Wild-An­i­mal Suffer­ing Re­search has been work­ing to an­a­lyze wild-an­i­mal suffer­ing as a cause and con­tinue on the path to­ward tractable in­ter­ven­tions. I do not per­son­ally take wild an­i­mal suffer­ing to be an ob­vi­ous is­sue, as I think it is pos­si­ble that ei­ther some wild an­i­mals do not have net nega­tive lives and that some wild an­i­mals do not have suffi­cient moral weight to be worth pri­ori­tiz­ing com­pared to other work to help hu­man and non­hu­man an­i­mals. That be­ing said, I do think work to help wild an­i­mals could end up wildly cost-effec­tive and that this pos­si­bil­ity is worth in­ves­ti­gat­ing. “Wild-An­i­mal Suffer­ing Re­search” is a de­scrip­tively named group that is aiming to do just that, with an ask for $161,205.

Re­search for the past year in­cluded a pro­posal for cre­at­ing “welfare biol­ogy” as a field, out­lin­ing some ini­tial the­ory around mea­sur­ing wild an­i­mal suffer­ing, an in­ves­ti­ga­tion that finds eu­thana­sia of el­derly elephants as un­likely to be promis­ing, an in­ves­ti­ga­tion of the harms from par­a­site load, an anal­y­sis of the im­pact of pop­u­la­tion con­trol meth­ods on the welfare of ver­te­brates, and the same for in­ver­te­brates.

After read­ing all of their re­search at length and spot check­ing it (e.g., check­ing ran­dom cita­tions to make sure they match the claim be­ing made and ran­domly search­ing my­self to see if I could find any cita­tions that dis­pute a claim made by the pa­per), I find that their work is of good qual­ity. The three staff mem­bers worked part time to only have one full-time equiv­a­lent work over 2017, and the pace of out­put pro­duced looks good given that work amount, es­pe­cially for a new org that also had to fo­cus on set­ting up shop, fundrais­ing, and out­reach. Grow­ing to 3+ FTE to ex­pand re­search is a pri­or­ity for them next year.

Over­all, these re­sults ap­pear to me to be good starts on very difficult prob­lems, though much more work will be needed. I’d par­tic­u­larly like to see much more work ex­plor­ing the ca­pac­ity for an­i­mals to suffer to the best of our knowl­edge (per­haps along the lines of Luke Muelhauser’s work), in­for­ma­tion on the qual­ity of life in the wild for var­i­ous species, and work to iden­tify some po­ten­tial in­ter­ven­tions.

For the next year, Ozy Bren­nan aims to start work on iden­ti­fy­ing tractable wild an­i­mal in­ter­ven­tions, Per­sis Eskan­der aims to start work on as­sess­ing hu­mans’ im­pact on wild an­i­mals, and Ge­or­gia Ray aims to start work to as­sess the ca­pac­ity for wild an­i­mals to suffer. This lines up pretty well with my im­pres­sions for what are valuable things to re­search in this space. Based on this, I am go­ing to donate $2,500 to Wild-An­i­mal Suffer­ing Re­search.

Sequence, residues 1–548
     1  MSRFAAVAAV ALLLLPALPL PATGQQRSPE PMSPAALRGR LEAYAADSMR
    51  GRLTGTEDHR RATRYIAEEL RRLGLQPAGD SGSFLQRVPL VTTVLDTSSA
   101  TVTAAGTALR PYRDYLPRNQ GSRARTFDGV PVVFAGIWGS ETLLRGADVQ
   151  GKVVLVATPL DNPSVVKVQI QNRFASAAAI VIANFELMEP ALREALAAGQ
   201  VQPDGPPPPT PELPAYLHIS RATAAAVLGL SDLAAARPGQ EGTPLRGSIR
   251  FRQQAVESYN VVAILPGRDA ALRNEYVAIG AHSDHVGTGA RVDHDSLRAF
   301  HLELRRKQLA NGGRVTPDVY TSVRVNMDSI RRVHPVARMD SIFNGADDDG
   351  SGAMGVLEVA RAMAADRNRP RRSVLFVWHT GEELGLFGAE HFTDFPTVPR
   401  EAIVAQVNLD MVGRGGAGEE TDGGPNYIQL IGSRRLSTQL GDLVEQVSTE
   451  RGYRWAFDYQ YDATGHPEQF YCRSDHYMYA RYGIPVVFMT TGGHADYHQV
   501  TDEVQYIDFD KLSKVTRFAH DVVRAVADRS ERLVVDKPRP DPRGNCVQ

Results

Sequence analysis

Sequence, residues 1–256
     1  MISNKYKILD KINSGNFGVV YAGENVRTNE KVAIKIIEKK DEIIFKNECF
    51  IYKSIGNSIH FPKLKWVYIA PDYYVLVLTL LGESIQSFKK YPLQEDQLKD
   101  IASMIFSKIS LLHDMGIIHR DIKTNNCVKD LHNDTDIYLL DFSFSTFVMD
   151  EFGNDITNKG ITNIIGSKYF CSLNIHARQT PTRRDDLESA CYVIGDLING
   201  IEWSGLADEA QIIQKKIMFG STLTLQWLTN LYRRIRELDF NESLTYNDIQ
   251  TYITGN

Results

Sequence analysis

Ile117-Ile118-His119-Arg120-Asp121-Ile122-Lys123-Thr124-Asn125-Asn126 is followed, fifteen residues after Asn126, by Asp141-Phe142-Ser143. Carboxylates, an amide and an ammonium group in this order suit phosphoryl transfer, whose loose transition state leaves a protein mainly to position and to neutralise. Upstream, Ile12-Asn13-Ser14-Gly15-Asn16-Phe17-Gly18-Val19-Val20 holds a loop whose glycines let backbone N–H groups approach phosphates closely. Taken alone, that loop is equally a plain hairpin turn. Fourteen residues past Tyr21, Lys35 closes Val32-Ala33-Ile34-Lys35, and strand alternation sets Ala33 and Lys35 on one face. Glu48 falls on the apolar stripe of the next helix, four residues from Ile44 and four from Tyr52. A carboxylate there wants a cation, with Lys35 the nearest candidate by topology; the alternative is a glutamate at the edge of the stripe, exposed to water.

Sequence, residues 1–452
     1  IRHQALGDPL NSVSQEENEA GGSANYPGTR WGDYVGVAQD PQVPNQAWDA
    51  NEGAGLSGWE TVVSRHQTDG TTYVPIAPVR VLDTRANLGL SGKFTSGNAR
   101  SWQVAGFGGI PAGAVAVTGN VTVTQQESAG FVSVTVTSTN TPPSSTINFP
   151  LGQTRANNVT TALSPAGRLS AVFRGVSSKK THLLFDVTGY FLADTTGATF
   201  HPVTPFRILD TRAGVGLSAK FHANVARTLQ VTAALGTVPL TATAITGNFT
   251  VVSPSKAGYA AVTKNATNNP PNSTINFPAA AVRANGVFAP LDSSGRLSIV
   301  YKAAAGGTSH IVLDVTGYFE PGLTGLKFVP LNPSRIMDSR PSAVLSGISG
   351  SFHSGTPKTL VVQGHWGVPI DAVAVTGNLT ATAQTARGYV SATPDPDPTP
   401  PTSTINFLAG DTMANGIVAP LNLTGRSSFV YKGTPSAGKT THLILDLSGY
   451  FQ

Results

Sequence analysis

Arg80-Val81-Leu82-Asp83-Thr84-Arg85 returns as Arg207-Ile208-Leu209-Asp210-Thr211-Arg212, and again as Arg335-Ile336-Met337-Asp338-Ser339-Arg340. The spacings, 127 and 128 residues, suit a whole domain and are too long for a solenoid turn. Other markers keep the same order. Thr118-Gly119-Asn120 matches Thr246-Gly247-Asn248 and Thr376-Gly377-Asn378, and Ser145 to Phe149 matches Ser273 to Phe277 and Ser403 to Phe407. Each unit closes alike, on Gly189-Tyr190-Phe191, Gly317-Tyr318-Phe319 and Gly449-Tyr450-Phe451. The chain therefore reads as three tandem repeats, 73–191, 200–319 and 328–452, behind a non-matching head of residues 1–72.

You can read more in their main fund­ing doc.

You can donate on­line through their web­site.

Why Sen­tience In­sti­tute?

Sen­tience In­sti­tute pro­duces re­search to in­form an­i­mal ad­vo­cacy tech­niques. In the past year, they’ve pub­lished a sum­mary of foun­da­tional ques­tions in an­i­mal ad­vo­cacy, a na­tion­ally rep­re­sen­ta­tive sur­vey of Amer­i­can adults on var­i­ous an­i­mal is­sues, a case study on adop­tion of nu­clear power and im­pli­ca­tions for adopt­ing new meat tech­nolo­gies, and a case study on the Bri­tish anti-slav­ery move­ment (with 721 refer­ences!). Ad­di­tion­ally, they are still work­ing on a book manuscript en­ti­tled The End of Fac­tory Farm­ing that aims to de­tail hu­man­ity’s tran­si­tion to an an­i­mal-free food sys­tem and be pub­lished by Bea­con Press in Fall 2018.

Sen­tience In­sti­tute aims to raise $185,000 to sup­port their ex­ist­ing growth through 2018 and make an­other hire (grow­ing to a to­tal of four staff). They aim to pub­lish The End of Fac­tory Farm­ing, which they hope will raise the pro­file of EAA in pub­lic dis­course and shift the an­i­mal-free food move­ment in a more im­pact­ful di­rec­tion, and bet­ter pre­sent Sen­tience In­sti­tute’s re­search. They also aim to ex­pand their re­search agenda to cover case stud­ies such as GMOs, voter turnout, and anti-smok­ing cam­paigns.

Sen­tience In­sti­tute ap­pears com­mit­ted to their re­search agenda, but may con­sider pivot­ing to move­ment-based work such as re­cruit­ing new ad­vo­cates, pro­duc­ing a guide to effec­tive an­i­mal ac­tivism, and cre­at­ing a job board. I think they are also con­sid­er­ing do­ing more pub­lic out­reach based on End of Fac­tory Farm­ing. I feel less ex­cited about this di­rec­tion, but could see it be­ing worth ex­per­i­ment­ing with.